In this short offering we will discuss what the readily available sources of data are within the pathology laboratory. When starting to think about constructing our uncertainty budget we need to consider two things:

  1. What are the potential sources of uncertainty in our system that can explain the variability on our assay?
  2. Can we measure it? – and if yes, what do we do to measure it now?

Fundamentally we cannot do one without the other. Without data we cannot describe uncertainty associated with a contributor; equally a contributor cannot be modelled and adequately described without the presence of some data that we can (or already do) measure.

A useful starting point before doing any analysis is to check that the two criteria above tally up.

Having already described our 10 top uncertainty contributors in a previous post we will now describe the sources of data that we have at our disposal. These data sources will be the backbone of most of the analytical work we do in our uncertainty estimations. It is clear that some of these are extensions of what we have already identified as uncertainty sources.

This post will deal with data we are accustomed to using and in most cases will provide most of what we need. The second post will suggest what else can be used if/when the below sources are not available or suitable.

Internal Quality Control (IQC)

IQC is a huge topic, and not one for this post (it may be time to build another site!) However, there is one undeniable fact. All our assays need to have some form of IQC and as a result we have a plentiful supply. I plan a series on how to handle/process/analyses IQC so look out for that in the future. A summary of the process will be published next month (November 2017) in Pathology in Practice so again keep an eye out for that.

External Quality Assurance (EQA)

As with IQC, we are required to have EQA in place for all our assays – that is of course providing there is an EQA scheme available or that EQA as a concept is possible taking into account sample stability/transferability. Our EQA gives us data for assessing how our assays perform in comparison to equivalent, or similar techniques in other centres. As such it is a very important source of information for us to use when determining our uncertainty and assay performance. Commonly, EQA data is considered to be centred around determining, and quantifying, the presence of systematic error – or bias. Uncertainty estimation often doesn’t include this, and differentiates itself from total error accordingly. However, there are aspects of the data that we can use to hep us in building our uncertainty budget.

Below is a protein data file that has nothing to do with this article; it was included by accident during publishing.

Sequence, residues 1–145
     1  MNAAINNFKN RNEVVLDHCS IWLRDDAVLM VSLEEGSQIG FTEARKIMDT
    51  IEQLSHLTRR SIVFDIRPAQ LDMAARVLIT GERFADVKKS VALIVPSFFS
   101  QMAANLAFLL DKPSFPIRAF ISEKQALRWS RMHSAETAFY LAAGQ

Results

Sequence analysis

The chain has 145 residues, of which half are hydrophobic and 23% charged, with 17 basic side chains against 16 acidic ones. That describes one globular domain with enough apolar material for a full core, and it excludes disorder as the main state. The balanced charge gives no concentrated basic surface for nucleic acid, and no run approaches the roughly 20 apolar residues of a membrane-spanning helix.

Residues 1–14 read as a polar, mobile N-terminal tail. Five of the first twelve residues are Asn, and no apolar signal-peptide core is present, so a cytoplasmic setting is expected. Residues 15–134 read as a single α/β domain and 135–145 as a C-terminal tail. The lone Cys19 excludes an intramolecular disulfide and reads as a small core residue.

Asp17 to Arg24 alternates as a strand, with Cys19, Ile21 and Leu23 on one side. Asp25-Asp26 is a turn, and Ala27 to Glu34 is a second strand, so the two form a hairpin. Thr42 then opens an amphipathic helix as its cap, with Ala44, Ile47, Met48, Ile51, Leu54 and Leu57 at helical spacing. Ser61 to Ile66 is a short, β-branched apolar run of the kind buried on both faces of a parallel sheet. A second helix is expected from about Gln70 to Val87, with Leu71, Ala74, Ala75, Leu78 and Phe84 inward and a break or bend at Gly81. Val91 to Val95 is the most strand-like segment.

Inter Analyser Variability

Often laboratories will have more than one analyser or system to run the same assay. Having a back up analyser or multiple analysers in use at the same time is commonplace. Our uncertainty in such situations should be considering whether our results will differ dependent on which of the analysers the sample was run.

Methods to assess, and quantify, the degree of variance associated with using different analysers include (but are not limited to):

  • Inter analyser variability during analyser validation/verification
  • Reagent lot validation if performed across analysers
  • Patient median monitoring – reliant on a known stable population of patients (this will come in a later topic)


Cross Site Comparability


With centralisation of pathology services becoming commonplace consideration must be given regarding what the results we are reporting mean in the context of our patient population and also within our networks. Particularly, comparability of results between the sites within that network can impact on the interpretation of the results. Patients may be treated across different sites and their historical results will follow them. As such we should know what constitutes a significant difference between results between sites, considering both biological (the patient) and analytical (the assays) variability.

There are many ways that such data can be collected:

  • Sample sharing schemes
  • Monitoring of carefully selected patient medians (as above with inter analyser variability)
  • Performance in proficiency testing schemes

Whichever are used, the data produced from such exercises gives us a valuable source of data to incorporate into our uncertainty budgets. These, along with some of the less common data sources should at the least be considered before we embark on trying to construct our uncertainty budget. In the next post we will look at some of the less common, but equally important sources.